To the Home Page of the National Humanities Center Web Site National Humanities Center Toolbox Library: Primary Resources in U.S. History and Literature  contact us | site guide | search 
Toolbox Library, primary resources thematically organized with notes and discussion questionsOnline Seminars, professional development seminars for history and literature teachersThe Gilded and the Gritty: America, 1870-1912
The Gilded and the Gritty: America, 1870-1912
Topic: MemoryTopic: ProgressTopic: PeopleTopic: PowerTopic: Empire
Topic: Memory: Civil War Memory and American Nostalgia
Toolbox Overview: The Gilded and the Gritty: America, 1870-1912
Resource Menu: Memory
Text 1. Winslow Homer
Text 2. Hamlin Garland
Text 3. Joel Chandler Harris
Text 4. Jane Addams
Text 5. Robert G. Ingersoll
Text 6. Re-Union and the Railroad
» Reading Guide
•  Link

Text 7. Visions of the West
Text 8. Owen Wister

RESOURCE MENU » Reading Guide Link

Reading Guide
Re-Union and the Railroad
- Kansas Pacific Railway Co., Senatorial Excursion Party over the Union Pacific Railway, 1867, excerpts
- Does not such a meeting make amends?, Frank Leslie's Illustrated Newspaper, engraving, 29 May 1869 Discussing Art

Re-Union and the Railroad

Ingersoll's rhetoric may have been powerfully divisive, but it was up against some equally powerful uniting forces, one of which was Progress, ordained by God and here symbolized by the locomotive. In 1863, as civil war raged in the eastern states, construction began in Nebraska and California on the railways that would meet six years later in Utah, creating a 1776-mile span across the American west. More than an engineering feat, the first transcontinental railroad was a symbol of America's postwar promise—renewed vigor, shared vision, and redemption from civil war. In other words, re-union.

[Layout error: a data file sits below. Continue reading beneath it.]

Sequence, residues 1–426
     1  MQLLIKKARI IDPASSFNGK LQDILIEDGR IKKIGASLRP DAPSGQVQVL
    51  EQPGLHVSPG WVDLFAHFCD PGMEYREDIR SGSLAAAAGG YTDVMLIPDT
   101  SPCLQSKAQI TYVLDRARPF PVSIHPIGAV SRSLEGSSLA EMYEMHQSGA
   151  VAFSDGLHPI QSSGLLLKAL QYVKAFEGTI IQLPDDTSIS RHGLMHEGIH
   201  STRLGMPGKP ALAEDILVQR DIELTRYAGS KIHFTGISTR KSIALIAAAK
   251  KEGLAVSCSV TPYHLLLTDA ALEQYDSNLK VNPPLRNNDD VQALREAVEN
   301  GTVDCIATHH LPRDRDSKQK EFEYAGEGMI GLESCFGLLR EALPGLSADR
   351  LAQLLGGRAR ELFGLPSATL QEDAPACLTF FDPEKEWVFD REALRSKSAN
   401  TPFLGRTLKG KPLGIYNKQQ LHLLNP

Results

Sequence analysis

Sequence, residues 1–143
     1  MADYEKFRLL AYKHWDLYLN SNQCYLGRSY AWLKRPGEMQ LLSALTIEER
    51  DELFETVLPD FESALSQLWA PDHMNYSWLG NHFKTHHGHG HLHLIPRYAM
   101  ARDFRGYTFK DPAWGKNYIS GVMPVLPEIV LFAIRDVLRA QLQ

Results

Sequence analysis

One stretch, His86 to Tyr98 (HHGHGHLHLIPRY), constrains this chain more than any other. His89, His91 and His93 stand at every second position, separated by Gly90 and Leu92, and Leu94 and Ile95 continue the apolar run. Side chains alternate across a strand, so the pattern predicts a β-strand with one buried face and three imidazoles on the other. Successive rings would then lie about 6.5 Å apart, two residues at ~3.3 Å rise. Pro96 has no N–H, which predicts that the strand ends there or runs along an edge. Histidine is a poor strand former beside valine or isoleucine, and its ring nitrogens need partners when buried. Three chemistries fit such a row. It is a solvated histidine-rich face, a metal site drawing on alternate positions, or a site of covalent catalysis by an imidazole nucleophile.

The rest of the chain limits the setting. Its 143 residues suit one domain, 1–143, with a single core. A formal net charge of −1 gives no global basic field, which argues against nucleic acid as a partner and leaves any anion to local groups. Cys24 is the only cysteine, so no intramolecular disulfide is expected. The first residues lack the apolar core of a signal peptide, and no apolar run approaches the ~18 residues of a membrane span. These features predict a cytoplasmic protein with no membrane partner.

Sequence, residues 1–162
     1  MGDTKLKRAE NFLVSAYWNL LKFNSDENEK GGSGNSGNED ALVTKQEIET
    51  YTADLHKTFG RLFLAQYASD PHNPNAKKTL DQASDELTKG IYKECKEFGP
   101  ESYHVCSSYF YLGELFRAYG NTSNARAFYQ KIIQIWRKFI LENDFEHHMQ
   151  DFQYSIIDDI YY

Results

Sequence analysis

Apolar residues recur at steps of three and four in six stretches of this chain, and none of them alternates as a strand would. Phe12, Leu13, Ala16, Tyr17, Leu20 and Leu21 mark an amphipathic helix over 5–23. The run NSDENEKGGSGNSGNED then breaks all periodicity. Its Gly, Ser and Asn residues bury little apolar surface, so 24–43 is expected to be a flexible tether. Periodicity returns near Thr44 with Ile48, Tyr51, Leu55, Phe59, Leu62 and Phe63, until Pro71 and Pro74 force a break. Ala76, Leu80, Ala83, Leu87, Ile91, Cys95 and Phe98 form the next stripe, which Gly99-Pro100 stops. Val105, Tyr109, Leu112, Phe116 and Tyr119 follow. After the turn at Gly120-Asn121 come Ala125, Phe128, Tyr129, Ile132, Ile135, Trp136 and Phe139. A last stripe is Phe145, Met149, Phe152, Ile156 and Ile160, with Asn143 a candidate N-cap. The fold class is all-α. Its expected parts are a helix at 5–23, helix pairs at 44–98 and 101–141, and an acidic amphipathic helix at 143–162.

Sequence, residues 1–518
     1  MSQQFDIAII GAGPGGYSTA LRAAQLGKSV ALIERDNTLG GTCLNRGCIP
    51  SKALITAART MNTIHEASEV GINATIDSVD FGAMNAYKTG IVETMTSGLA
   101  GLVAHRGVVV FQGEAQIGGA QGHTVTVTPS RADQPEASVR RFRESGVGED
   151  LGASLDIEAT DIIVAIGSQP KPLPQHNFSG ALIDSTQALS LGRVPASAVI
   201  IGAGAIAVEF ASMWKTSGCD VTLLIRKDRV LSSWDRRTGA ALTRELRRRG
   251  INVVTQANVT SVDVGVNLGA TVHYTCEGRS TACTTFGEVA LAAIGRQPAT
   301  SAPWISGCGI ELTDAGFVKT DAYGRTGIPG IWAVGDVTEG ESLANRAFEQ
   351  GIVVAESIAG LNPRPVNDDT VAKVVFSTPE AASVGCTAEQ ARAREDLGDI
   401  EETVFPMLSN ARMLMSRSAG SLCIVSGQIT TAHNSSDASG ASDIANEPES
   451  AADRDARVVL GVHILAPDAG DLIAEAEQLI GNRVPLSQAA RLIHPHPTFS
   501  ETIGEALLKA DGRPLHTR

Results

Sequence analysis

This view is evident in the readings presented here. The first includes excerpts of speeches delivered by U.S. senators while on a train excursion arranged by the Union Pacific Railroad through the plains states in 1867. The legislators lavishly express their awe of the railroad and their faith in Americans' ability to capitalize on its promise. Poignantly they exude relief in the shared future it offers to the nation whose unity, at that point, was maintained by force and occupation. Next we view an illustration published by a popular magazine several weeks after the completion of the railroad. While the drawing represents the geographical union of East and West, the metaphorical union it defines is that of North and South. 9 pages.

Discussion questions
  1. How does the transcontinental railroad offer redemption for the nation after civil war?
  2. How do the senators mythologize American progress, with its "magic of enterprise and self-reliance"?
  3. How is American progress, as exemplified by the frontier railroad, a divine mission?
  4. For what does the transcontinental railroad "make amends," as presented in the 1869 illustration? Are amends due the fleeing buffalo and Indians?

» Link

Topic Framing Questions
  •  In the aftermath of the Civil War, how did Americans look back and look forward?
  •  During this period, how did Americans promote the re-union of the nation?
  •  How did they reconceptualize their sense of national identity?

Toolbox: The Gilded and the Gritty: America, 1870-1912
Memory | Progress | People | Power | Empire

Contact Us | Site Guide | Search

Toolbox Library: Primary Resources in U.S. History and Literature
National Humanities Center
Web site comments and questions, contact:
Copyright © 2005 National Humanities Center. All rights reserved.
Revised: May 2005